New method detects proteins involved in cancer
A German-Danish research team presents a groundbreaking new technology called “deep visual proteins“Before that he has potential To revolutionize the diagnosis and treatment of cancer.
working group of Max Planck Institute for Biochemistry in the magazine”nature biotechnologyHe introduced a new method that makes it possible to identify proteins involved in cancer. This protein-based information could have a far-reaching impact on treatment and prognosis, and could reveal weaknesses in a tumor.
What role do proteins play in cancer?
In order to understand cancer and achieve a permanent cure, it is necessary to understand in detail how cancer develops and which cellular processes lead to cell deterioration or tumor becoming malignant.
To answer these questions, stakeholders should also Proteins Their tasks are taken into account. According to the research team, proteins “The most important pieces of the puzzle for a variety of diseases”.
Proteins are the ‘working horses of cells’
Scientists refer to proteins as “Molecular working cells of the cell”. The correct function of a cell is ensured only if the proteins function properly.
“If something in our cells isn’t working properly and we’re sick, you can be sure that the proteins are involved in many different ways.”confirms the director of research Professor Matthew Mann.
A look at a protein reveals important information
As the professor explains, by mapping the nature of the protein, one can understand why a tumor is able to develop in a particular person. At the same time, proteins are possible double tumor openly and give pointers to The most effective treatment method.
What are deep visual proteins?
The research team has developed a new technique that can be used to analyze proteins in abnormal groups of cells. These proteins interact with surrounding healthy cells Unprecedented insights into disease course.
The resulting technology, called Deep Visual Proteomics, brings together four different branches of technology in a state-of-the-art fashion:
- high-resolution microscopy
- machine learning and artificial intelligence algorithms,
- Identification of proteins using mass spectrometry,
- Bioinformatic analyzes by which ‘protein maps’ are generated.
Based on proteins, the best treatment can be obtained
Our new ‘deep optical proteomics’ concept could become a paradigm shift for molecular pathology in the clinic.Professor confirms Andrew’s mouth from the research team. According to him, the new method can be used to identify thousands of proteins in a tissue sample within a very short time.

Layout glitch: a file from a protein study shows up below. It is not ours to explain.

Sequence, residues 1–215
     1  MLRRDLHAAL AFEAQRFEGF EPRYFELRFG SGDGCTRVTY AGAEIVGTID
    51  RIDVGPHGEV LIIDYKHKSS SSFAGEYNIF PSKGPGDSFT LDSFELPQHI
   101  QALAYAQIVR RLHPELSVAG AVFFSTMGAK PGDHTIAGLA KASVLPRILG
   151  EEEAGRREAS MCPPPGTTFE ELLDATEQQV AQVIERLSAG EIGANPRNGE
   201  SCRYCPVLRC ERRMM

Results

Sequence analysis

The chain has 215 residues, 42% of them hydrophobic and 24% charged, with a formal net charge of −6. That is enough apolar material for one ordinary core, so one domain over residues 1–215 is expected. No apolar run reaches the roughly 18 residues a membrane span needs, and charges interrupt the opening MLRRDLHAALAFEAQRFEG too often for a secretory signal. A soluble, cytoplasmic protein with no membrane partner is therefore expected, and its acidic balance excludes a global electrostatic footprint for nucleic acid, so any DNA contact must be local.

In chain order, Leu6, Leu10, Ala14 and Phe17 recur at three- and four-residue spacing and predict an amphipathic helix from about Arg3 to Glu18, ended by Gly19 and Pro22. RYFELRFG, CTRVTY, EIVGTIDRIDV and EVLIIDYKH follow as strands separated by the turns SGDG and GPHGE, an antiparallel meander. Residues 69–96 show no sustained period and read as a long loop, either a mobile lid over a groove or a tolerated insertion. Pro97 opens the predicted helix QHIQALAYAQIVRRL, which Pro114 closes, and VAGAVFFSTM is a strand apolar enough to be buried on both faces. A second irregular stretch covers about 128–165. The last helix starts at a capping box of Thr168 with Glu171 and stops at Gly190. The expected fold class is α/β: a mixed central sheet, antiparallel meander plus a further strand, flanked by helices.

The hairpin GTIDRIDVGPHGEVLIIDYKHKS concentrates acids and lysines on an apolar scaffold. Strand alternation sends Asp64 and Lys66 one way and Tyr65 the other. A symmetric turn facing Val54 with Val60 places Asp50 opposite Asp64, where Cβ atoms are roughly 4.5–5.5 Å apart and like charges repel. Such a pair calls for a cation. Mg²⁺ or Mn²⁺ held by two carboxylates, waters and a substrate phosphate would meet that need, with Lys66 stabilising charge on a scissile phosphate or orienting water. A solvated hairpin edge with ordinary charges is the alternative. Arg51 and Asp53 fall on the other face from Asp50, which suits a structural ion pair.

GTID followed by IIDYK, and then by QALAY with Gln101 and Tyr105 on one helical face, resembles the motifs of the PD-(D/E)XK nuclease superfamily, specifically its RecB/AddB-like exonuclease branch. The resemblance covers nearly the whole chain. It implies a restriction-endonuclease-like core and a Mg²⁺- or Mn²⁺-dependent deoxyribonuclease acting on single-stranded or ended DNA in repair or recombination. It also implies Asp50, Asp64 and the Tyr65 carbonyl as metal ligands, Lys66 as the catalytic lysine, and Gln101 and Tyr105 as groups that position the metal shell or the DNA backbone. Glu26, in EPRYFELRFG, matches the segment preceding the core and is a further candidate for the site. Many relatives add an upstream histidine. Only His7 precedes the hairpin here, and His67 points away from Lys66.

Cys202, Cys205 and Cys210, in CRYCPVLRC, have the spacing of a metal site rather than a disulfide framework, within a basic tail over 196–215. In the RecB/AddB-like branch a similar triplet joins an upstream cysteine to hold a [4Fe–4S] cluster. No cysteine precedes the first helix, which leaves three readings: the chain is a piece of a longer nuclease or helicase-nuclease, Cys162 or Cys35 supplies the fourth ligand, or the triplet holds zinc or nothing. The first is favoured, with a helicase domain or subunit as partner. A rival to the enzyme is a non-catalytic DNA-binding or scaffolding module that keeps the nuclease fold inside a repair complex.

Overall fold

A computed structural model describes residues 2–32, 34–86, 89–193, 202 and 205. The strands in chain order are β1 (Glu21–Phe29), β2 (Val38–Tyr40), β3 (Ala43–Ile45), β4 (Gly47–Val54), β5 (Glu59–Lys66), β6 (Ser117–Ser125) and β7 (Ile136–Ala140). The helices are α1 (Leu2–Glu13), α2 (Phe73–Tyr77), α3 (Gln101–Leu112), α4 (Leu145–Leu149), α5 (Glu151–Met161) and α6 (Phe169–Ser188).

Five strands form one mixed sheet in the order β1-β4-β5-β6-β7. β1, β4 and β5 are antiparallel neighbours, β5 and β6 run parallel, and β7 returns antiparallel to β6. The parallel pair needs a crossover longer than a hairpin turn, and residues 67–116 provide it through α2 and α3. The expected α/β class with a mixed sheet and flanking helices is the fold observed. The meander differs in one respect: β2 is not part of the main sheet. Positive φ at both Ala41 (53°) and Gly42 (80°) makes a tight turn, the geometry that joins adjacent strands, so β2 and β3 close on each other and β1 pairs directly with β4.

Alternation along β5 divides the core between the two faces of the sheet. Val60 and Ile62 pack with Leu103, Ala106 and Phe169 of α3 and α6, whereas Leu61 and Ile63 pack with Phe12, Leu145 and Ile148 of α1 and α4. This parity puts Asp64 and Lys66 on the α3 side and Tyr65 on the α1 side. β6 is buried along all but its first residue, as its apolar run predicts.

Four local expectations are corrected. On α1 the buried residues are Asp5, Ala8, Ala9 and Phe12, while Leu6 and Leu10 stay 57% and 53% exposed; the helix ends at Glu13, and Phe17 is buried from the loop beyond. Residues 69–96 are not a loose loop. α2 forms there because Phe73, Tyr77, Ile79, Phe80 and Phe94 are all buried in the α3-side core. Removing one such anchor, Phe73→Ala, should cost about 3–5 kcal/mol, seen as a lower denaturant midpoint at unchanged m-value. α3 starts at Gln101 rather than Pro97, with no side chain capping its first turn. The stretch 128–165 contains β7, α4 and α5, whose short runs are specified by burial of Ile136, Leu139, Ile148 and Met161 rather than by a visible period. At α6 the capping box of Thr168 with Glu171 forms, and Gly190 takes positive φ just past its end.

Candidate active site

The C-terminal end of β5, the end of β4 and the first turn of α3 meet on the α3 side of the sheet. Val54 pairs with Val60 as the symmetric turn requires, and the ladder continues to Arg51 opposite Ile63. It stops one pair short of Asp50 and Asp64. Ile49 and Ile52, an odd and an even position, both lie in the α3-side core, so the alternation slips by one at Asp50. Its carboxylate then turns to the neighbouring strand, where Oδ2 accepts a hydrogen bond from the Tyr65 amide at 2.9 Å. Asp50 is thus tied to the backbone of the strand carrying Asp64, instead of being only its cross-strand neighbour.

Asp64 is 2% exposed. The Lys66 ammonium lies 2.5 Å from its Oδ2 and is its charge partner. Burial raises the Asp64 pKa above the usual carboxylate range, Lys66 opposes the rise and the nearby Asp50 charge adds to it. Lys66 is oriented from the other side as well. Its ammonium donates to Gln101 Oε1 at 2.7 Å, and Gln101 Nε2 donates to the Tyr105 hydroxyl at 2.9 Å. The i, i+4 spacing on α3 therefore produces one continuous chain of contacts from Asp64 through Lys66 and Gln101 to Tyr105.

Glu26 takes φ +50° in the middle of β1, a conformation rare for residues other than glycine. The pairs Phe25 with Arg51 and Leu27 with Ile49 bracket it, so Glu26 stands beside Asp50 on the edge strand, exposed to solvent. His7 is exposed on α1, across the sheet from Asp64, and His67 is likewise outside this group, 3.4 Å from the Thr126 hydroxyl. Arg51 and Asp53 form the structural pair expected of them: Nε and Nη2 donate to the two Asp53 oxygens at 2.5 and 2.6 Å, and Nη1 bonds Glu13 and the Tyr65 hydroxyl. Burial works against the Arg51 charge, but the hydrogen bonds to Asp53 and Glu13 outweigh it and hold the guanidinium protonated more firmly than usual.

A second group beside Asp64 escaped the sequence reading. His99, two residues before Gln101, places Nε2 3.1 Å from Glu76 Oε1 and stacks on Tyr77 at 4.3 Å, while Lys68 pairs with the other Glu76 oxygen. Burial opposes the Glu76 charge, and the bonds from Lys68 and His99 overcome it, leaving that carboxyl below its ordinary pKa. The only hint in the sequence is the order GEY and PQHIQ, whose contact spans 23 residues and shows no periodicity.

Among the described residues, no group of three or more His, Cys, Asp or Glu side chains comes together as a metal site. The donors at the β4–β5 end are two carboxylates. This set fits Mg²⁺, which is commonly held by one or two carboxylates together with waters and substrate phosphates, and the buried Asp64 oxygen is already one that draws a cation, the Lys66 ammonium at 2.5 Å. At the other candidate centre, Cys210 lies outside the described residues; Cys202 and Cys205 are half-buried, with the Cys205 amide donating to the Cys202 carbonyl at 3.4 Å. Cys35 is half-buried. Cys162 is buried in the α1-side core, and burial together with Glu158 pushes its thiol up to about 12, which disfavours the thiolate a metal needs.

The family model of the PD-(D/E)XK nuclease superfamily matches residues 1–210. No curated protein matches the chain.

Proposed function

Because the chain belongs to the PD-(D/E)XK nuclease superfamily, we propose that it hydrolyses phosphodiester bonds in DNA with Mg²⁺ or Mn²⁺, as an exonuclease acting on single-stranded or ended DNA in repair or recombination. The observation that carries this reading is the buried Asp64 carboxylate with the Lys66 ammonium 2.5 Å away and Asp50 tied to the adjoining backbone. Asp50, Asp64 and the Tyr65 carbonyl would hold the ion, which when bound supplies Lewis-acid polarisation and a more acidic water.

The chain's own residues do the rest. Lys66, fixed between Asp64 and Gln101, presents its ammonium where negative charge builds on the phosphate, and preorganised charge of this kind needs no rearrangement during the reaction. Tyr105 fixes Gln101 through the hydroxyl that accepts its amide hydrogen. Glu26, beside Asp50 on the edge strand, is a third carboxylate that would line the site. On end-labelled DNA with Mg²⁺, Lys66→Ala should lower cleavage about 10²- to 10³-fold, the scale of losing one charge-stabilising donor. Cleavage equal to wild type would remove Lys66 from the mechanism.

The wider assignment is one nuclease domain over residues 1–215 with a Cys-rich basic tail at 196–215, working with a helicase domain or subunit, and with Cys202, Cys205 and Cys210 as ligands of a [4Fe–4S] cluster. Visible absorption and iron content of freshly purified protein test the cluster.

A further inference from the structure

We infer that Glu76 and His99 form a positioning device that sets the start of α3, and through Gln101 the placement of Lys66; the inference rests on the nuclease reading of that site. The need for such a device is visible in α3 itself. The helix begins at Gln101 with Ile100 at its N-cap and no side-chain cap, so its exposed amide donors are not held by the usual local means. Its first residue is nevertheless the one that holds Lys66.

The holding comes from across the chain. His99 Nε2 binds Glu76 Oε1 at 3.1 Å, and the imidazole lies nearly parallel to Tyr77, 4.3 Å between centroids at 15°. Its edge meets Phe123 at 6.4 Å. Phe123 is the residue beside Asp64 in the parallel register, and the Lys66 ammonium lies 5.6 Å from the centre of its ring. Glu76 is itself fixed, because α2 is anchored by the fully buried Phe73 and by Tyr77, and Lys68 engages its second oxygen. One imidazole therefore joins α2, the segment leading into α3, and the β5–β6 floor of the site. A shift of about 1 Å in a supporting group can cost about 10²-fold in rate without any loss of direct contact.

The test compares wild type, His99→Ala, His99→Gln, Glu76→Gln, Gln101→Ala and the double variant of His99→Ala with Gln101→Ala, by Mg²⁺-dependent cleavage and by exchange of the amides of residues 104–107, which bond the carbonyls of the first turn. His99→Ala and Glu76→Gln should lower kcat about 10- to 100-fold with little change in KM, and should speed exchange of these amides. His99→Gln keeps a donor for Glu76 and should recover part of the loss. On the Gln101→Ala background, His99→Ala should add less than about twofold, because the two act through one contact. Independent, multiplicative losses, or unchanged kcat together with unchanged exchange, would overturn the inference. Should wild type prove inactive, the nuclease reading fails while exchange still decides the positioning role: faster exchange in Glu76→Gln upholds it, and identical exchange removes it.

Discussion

Proteins can be used to reveal mechanisms drive tumor progression. “This way, new therapeutic targets can be derived directly from a single tissue section in a patient’s biopsy.”Lifts Professor’s mouth Outside.
Technology tested successfully
As part of the study, the team has already successfully tested the new technology on tissue samples from people with salivary gland and skin cancer. “This technique can also be used to describe other types of tumors in a similar way.”The lead author of the study adds Dr. Fabian Kosia added.
Data collected through this method can also be used New targets for cancer to exist. This can make a significant contribution to the individualized cancer treatment that is optimally designed for affected people.
In addition, this technique can also reveal new ways to treat treatment-resistant tumors.
It can also be used to look for other diseases
Although the researchers developed a method for analyzing cancer, they emphasized that the technique could also be applied to other diseases.
“For example, you can analyze a neuron’s proteins to see what exactly happens in the cell during the course of neurodegenerative diseases like Alzheimer’s or Parkinson’s.”to explain Dr. Kosia.
“By combining microscopy, artificial intelligence, and highly sensitive mass spectrometry-based proteomics, we have developed a very powerful way to understand the molecular circuits of healthy and diseased cells.”summarizes the search manager Master man. (FP)
Author and source information
This text complies with the specifications of the medical literature, clinical guidelines, and current studies and has been verified by medical professionals.
Graduate Editor (FH) Volker Plasek
- Max Planck Institute of Biochemistry: A new method that revolutionizes cancer diagnosis (published date: 05/19/2022), biochem.mpg.de
- Mond, A, Coscia, F, Creston, A. et al. Deep visual proteomics determine single-cell identity and heterogeneity; In: Nature Biotechnology (2022). https://doi.org/10.1038/s41587-022-01302-5, Nature.com
This article contains general advice only and should not be used for self-diagnosis or treatment. It cannot replace a visit to the doctor.
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